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The Pendulum Squat: Bridging the Gap Between Strength and Safety

 Written by 

Julien Raby

 Last updated on 

When it comes to squatting, barbell squats are at the top of the list. There’s no doubt that free weight movements engage more stabilizer muscles and build functional strength, but squatting machines have their place too. And the pendulum squat machine is one of the most underrated ones in the gym. 

It’s an excellent way to build leg size and strength because it takes your core and stabilizers out of the equation. Add this kind of leg-focused exercise to your leg day routine, and you should see a noticeable difference. Let’s dive into a more detailed explanation. 

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What Is a Pendulum Squat? 

The pendulum squat is a variation of the traditional squat, done on a pendulum squat machine. It uses a counterbalance system to help you lift weight without the usual worries that come with barbell squatting. 

Because the pendulum squat has a somewhat different body position and range of motion than regular squats, it can only be performed on the machine. And if you’re wondering about the unusual name, it’s because the machine performs a pendulum-like movement to activate the counterbalance system during the squat! 

How to Do a Pendulum Squat 

If your gym happens to have a pendulum squat machine, here’s how to use it to maximize your leg gains. 

1. Adjust the Machine to Your Body 

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If someone quite a bit taller or shorter than you used the machine before you did, you won’t be able to get a good workout using it as is. Depending on the machine your gym has, there can be two to four different adjustments

  • Height of the shoulder pads 
  • Angle of the foot platform 
  • Stopper height 
  • Safety catch height 

Some machines don’t have an adjustable safety catch, but every one will allow you to adjust the shoulder height and foot plate angle. It’s important that you find the right platform angle for you, because you don’t want your heels to lift off the platform as you squat. 

2. Add Your Weight 

If it’s your first time using the machine, we recommend using it without weights. This will give you a chance to get used to the feeling of the movement, because it’s different to what you might expect. 

Once you’re used to it and you know you can add a bit more weight, you’ll want to stack your weights before you get onto the machine. Start light. The weight goes on the two weight horns behind the back pad. 

3. Get Into Position 

Walk “into” the machine and stand with your shoulders under the pads, resting your upper back comfortably against the pad. Some machines have two handles, one above or to the side of each shoulder, for you to hold. Others have a bar in front of you, which you place your hands on. 

Once you’re in this starting position, step onto the platform. Try to keep your foot position on the platform as you would for a normal barbell squat—with your feet at shoulder-width to hip-width apart and your toes pointing slightly outwards. 

Push upwards and unlock the safety handle. It’s a good idea to check before you get on the machine how the stopper/safety works, so you can do it easily when you reach this point. You’re now ready to perform your squat. 

4. Squat With Good Form 

Your first pendulum squat is likely to feel very strange. Just bend your knees and you’ll squat into the platform. You might be shocked at how low you can go on this machine! 

Once you’re at the bottom of your squat, pause for a second, and then drive your feet into the foot plate to push yourself up again. Aim for a controlled movement—there’s no need to be explosive. 

Continue for the required number of reps. Once you’ve hit your rep count, re-engage the safety and make sure it’s on before attempting to get off the machine. 

The Pendulum Squat Machine: A Game-Changer 

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It might seem like “cheating” to use a machine for squats, but trust us, you’re missing out if you haven’t tried the pendulum squat machine. Although its biggest disadvantage is that it’s not common, the benefit of pendulum squats are great if you can find a machine!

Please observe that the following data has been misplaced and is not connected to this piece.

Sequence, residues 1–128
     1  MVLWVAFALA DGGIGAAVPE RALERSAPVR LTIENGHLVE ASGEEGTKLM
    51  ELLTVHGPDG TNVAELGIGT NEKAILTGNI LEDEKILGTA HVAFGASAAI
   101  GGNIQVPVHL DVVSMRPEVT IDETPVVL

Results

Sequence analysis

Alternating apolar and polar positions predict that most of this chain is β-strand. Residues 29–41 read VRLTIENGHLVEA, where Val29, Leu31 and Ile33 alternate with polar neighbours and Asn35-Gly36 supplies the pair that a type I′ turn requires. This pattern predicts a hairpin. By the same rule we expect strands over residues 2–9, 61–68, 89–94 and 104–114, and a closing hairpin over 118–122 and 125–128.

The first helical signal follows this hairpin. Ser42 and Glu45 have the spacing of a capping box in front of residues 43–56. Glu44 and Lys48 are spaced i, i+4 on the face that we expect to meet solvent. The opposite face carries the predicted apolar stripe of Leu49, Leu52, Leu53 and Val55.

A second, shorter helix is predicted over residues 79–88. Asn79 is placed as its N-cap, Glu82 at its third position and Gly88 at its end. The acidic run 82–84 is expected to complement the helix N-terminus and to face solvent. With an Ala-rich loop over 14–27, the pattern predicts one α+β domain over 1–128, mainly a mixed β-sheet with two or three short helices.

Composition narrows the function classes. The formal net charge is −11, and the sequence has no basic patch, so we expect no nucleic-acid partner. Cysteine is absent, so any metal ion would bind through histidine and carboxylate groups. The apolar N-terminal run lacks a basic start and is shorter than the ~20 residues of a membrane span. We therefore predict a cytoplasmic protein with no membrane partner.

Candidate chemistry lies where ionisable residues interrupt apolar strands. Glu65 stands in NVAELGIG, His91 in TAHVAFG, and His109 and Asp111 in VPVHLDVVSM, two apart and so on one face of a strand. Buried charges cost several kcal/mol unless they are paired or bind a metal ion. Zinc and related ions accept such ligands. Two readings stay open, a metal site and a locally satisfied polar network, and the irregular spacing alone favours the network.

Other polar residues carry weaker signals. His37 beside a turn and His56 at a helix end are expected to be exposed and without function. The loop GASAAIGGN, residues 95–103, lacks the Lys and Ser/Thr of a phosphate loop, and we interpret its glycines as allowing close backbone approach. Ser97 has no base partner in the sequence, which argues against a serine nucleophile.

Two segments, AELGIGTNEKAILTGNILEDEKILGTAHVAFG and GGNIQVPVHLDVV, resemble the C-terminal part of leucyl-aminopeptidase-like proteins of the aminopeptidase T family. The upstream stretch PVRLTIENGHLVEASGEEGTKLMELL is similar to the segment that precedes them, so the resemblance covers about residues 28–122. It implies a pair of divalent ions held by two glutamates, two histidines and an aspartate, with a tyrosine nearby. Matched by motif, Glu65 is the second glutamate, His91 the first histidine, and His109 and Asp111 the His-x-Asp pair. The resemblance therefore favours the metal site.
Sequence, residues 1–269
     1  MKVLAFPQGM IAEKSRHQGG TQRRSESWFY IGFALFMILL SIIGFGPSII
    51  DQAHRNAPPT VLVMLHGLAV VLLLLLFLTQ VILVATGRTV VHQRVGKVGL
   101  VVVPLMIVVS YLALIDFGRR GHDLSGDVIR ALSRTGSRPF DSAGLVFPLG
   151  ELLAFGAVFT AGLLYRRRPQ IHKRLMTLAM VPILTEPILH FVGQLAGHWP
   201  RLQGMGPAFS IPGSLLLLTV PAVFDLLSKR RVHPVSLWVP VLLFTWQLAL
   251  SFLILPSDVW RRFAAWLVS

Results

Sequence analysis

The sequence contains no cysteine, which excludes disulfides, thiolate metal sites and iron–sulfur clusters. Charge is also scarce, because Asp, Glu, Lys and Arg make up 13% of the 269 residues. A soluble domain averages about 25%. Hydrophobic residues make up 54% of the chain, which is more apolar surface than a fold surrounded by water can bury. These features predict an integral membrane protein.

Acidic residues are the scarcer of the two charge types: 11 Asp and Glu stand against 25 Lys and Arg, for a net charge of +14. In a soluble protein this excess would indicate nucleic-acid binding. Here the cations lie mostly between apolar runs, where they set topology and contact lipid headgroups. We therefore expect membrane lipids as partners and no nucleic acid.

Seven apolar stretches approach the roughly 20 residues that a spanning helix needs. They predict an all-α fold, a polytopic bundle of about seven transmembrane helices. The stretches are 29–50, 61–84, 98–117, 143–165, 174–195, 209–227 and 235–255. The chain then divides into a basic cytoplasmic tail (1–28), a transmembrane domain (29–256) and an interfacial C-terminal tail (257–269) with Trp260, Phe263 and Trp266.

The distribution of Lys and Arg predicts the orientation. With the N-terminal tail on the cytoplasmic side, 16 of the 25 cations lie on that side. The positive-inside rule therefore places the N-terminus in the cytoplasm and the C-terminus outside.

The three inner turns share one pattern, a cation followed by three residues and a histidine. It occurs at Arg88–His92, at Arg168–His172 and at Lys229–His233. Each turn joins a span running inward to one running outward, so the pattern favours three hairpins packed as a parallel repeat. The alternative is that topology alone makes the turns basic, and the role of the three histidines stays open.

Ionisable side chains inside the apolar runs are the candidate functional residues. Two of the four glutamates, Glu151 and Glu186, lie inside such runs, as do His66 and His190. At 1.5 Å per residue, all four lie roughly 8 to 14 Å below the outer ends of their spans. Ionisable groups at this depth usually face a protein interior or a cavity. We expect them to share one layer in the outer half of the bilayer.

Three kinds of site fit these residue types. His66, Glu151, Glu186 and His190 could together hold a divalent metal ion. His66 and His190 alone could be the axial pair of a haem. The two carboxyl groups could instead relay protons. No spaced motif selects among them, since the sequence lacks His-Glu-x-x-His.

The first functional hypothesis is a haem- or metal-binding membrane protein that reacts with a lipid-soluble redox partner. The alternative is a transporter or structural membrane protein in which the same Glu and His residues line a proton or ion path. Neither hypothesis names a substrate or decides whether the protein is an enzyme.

Targets the Quadriceps & Glutes 

If you’re looking for maximum quad and glute engagement, the pendulum squat will give it to you. Because of the way you’re positioned and the fact that your stabilizer muscles get a nice break, this squat really nails those two muscles. 

Experimenting with your foot stance can change up your muscle activation. A narrow stance will target the quads better, while a wider stance really gets the glutes working. And because of the reduced activation of your stabilizer muscles, you’re free to really push them hard, which is excellent for hypertrophy

Full Range of Motion 

It’s difficult to get a full range of motion with a barbell squat. In many cases, it’s due to either hip immobility or ankle inflexibility, and the pendulum squat machine puts you in the perfect position to get around these issues. 

Thanks to the unusual position you’re in, you can squat much lower on this machine than you might be able to with free weights. Increasing your range of motion can help you build knee strength and explosiveness, and full-range-of-motion squats also get more glute muscle activation than partial range of motion squats. 

Provides Back Support 

One of the biggest benefits of pendulum squats is that they support your back throughout the movement. While free weight squats recruit those stabilizer muscles, those with back injuries or pain might struggle to do them properly or safely, and certainly with a high amount of weight.

The pendulum squat machine might not actively strengthen those stabilizers, but it supports the back so there’s little chance of hurting it with poor form. You can lift heavy on a pendulum machine and lower your risk of injury thanks to extra support. It’s a win-win squat-uation. 

Eliminates Joint Strain 

The pendulum exercise machine’s unique positioning of your body takes some of the load off your joints, so it’s a good choice for those who struggle with knee, hip, and ankle pain during regular squatting. 

This exercise is a good way to build up knee strength and strengthen the leg muscles, which will help to stabilize the knee and ankle. You may even be able to reduce joint pain this way. 

Safer Than Free Weights 

Free weights might be good for activating a bunch more muscles (think stabilizers), but the pendulum machine’s controlled environment is safer than heavy barbell squats. Firstly, you can go a little heavier without the worry that your form will fall apart, because you’re held in position by the machine. 

Secondly, you’ve got built-in safety devices on the machine, which act as spotters. So you can go hard and heavy much more safely than you’ll ever be able to with free-weight squats.